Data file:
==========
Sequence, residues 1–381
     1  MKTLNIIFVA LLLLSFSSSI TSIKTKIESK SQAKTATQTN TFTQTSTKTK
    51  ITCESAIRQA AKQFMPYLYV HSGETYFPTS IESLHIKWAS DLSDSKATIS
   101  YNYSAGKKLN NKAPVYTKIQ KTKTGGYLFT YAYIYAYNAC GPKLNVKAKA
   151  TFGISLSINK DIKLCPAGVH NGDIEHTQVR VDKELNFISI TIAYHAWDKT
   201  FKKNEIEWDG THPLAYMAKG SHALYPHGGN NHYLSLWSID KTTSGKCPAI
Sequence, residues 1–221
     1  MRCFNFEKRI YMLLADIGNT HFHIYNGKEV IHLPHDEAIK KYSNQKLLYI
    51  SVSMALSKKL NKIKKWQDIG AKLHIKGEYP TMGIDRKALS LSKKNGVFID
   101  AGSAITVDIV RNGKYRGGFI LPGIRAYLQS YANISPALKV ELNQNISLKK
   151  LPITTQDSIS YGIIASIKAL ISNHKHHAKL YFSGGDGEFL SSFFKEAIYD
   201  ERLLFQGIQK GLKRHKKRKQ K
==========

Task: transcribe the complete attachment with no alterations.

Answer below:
Sequence, residues 1–381
     1  MKTLNIIFVA LLLLSFSSSI TSIKTKIESK SQAKTATQTN TFTQTSTKTK
    51  ITCESAIRQA AKQFMPYLYV HSGETYFPTS IESLHIKWAS DLSDSKATIS
   101  YNYSAGKKLN NKAPVYTKIQ KTKTGGYLFT YAYIYAYNAC GPKLNVKAKA
   151  TFGISLSINK DIKLCPAGVH NGDIEHTQVR VDKELNFISI TIAYHAWDKT
   201  FKKNEIEWDG THPLAYMAKG SHALYPHGGN NHYLSLWSID KTTSGKCPAI
Sequence, residues 1–221
     1  MRCFNFEKRI YMLLADIGNT HFHIYNGKEV IHLPHDEAIK KYSNQKLLYI
    51  SVSMALSKKL NKIKKWQDIG AKLHIKGEYP TMGIDRKALS LSKKNGVFID
   101  AGSAITVDIV RNGKYRGGFI LPGIRAYLQS YANISPALKV ELNQNISLKK
   151  LPITTQDSIS YGIIASIKAL ISNHKHHAKL YFSGGDGEFL SSFFKEAIYD
   201  ERLLFQGIQK GLKRHKKRKQ K